Just posted a comment with some links to resources that you can use to get help- hopefully it gets posted soon! And let me say- the system onsugar uses to verify who's spamming and who's not- is a FAT USELESS PIECE OF CRAP. Don't ask me how a link to a couple .org websites (from someone who has been a member for well over a year) is spam, but 15 links to Louis Vuitton knock-off boots isn't.
Bettye-Wayne Bettye-Wayne 6 years
And here's some tips to get help- didn't want to get flagged so I'm posting them separate. Google search, "[your county] mental health board." Like for me, it's "Cuyahoga county mental health board". If you live in a small city/rural area, maybe "[your county] board of health" will work better. Not sure what you'll find, but it's a good place to start. Or try 211. That's the United Way- an organization I have nothing but praise and gratitude for. Dial 211 on your phone (most mid-size cities offer this service). Explain your problem- you're calling on behalf of a friend who is depressed. They'll connect you to help in your area. Or visit: And type in your zip code. This is the number to the suicide prevention hotline: 1-800-273-8255 And this is their website: You don't say she's suicidal, but they won't refuse help to her. Worst case, they'll connect her to someone else who can help her. Hope all that helps.
Bettye-Wayne Bettye-Wayne 6 years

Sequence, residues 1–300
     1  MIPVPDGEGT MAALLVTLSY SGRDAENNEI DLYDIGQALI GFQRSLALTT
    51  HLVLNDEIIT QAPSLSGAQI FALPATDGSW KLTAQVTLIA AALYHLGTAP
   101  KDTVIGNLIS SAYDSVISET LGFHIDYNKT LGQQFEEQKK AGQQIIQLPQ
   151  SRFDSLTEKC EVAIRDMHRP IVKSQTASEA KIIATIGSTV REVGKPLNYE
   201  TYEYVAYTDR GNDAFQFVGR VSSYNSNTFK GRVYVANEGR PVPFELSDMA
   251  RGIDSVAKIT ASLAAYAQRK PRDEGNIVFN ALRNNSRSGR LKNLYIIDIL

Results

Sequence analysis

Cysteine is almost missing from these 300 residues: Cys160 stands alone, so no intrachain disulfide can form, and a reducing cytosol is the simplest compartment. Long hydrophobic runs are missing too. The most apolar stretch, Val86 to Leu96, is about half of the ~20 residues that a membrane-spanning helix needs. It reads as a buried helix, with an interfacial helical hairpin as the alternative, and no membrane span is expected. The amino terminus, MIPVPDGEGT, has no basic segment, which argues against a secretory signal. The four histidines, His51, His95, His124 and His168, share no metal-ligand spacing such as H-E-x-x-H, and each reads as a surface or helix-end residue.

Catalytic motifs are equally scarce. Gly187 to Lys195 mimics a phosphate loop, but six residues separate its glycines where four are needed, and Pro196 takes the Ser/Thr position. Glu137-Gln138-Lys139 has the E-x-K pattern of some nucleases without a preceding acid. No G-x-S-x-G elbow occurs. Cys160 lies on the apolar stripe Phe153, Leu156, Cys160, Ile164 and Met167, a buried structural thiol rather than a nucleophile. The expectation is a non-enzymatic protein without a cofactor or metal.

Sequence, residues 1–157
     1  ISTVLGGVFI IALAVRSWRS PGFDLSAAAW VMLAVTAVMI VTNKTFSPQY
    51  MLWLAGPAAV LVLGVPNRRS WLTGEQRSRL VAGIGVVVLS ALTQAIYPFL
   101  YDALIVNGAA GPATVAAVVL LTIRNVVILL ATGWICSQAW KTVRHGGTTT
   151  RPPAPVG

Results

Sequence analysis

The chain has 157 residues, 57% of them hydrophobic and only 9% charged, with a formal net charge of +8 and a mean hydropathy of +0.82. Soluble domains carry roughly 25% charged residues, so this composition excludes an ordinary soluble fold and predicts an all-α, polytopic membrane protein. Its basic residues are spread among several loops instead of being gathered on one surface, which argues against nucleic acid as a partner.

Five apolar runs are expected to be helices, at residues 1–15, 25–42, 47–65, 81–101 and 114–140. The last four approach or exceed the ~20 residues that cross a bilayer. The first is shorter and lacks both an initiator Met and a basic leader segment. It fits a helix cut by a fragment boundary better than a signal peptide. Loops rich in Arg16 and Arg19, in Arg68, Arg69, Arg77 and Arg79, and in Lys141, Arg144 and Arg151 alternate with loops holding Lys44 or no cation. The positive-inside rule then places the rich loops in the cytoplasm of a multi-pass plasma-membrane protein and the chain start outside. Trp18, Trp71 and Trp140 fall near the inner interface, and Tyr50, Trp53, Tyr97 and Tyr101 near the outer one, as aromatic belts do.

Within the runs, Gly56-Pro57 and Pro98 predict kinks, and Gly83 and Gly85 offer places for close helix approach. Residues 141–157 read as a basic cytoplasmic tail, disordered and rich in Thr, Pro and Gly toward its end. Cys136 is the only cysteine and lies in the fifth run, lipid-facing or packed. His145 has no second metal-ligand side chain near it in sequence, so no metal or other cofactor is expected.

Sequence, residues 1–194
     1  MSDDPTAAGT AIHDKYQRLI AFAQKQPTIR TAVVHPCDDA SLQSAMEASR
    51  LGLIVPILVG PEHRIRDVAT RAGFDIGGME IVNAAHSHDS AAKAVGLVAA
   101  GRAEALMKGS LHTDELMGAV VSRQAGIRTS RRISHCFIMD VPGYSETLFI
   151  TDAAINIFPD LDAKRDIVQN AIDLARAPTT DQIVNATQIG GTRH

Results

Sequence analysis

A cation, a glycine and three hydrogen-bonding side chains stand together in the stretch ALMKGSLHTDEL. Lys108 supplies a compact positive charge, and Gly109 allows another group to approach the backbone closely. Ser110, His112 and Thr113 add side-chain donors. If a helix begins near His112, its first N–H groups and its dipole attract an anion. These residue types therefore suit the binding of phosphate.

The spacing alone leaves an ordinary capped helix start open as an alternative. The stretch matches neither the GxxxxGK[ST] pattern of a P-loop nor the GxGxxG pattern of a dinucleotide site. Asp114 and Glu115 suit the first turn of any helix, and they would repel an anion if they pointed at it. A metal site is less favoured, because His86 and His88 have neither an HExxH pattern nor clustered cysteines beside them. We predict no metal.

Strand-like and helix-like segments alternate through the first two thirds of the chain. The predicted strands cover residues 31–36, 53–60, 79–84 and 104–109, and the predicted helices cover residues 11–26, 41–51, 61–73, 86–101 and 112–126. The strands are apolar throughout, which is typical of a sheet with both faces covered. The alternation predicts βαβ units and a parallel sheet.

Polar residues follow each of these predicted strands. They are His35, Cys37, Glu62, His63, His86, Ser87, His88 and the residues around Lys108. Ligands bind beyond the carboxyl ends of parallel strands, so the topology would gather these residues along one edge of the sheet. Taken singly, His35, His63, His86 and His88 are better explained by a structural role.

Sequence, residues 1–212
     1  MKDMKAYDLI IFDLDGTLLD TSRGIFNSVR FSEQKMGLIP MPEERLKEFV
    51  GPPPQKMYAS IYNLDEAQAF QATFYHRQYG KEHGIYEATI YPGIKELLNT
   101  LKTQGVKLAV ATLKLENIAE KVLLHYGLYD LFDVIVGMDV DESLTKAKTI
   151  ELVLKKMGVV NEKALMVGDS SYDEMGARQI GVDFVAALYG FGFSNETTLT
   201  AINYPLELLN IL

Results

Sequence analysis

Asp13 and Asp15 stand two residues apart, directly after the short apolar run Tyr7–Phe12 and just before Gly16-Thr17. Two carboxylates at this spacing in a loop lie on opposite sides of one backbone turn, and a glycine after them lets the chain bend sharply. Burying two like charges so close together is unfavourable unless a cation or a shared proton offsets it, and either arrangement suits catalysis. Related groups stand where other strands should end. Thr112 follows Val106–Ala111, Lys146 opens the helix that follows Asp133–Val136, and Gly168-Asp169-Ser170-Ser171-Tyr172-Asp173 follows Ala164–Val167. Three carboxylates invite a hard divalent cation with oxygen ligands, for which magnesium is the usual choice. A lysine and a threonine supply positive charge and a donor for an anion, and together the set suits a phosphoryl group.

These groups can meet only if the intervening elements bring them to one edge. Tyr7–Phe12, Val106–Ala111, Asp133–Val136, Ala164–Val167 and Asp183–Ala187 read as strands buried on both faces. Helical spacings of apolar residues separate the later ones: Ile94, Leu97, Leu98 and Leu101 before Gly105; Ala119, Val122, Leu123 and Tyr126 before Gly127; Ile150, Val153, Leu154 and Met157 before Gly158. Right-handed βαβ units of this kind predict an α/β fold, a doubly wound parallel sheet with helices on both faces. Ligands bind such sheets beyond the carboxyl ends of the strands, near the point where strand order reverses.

I was in a somewhat similar situation, with a male friend of mine following his divorce. He was so mopey and whiny, he just sucked to be around. I limited our time together to once a week, and then only at public events (bars, playdates with our kids) where he couldn't drag me into a corner. I discussed my feelings with a mutual friend- turns out the mutual friend was handling it the same way as me. Semi-avoiding him and waiting for it to blow over. Unforutnately, my story has a sad ending- my friend never got help, and ended up committing a crime so morally horrendous to me (and then insisted he was set up- IMPOSSIBLE- that's what cold hard evidence is for) that we no longer speak. He's not even on my fb. Not sure what the moral of my story is, but you're not alone. Maybe the moral is, depression doesn't just 'blow over,' it causes people to act out in desperate, unimaginable ways and your friend needs help now. It bothers me that "Her parents won't get her help, because they're too poor." It sounds like her parents may be the root of her problems. I couldn't imagine my girl telling me she was depressed- and then me just blowing it off due to lack of $$$$$. That is straight neglect, borderline emotional abuse. Do either one of you drive? Sounds like even if she finds low-cost help, her parent's won't take her. She knows she needs help- or she wouldn't have asked her parents. The best thing you can do is help her find it. And agreed about antidepressants being a false cure. Some people are so chemically imbalanced that they CAN NOT function in society without drugs. But they should be always a last resort. Tell your friend to be wary of any doctor who tries doping her up within a month or two of seeing her.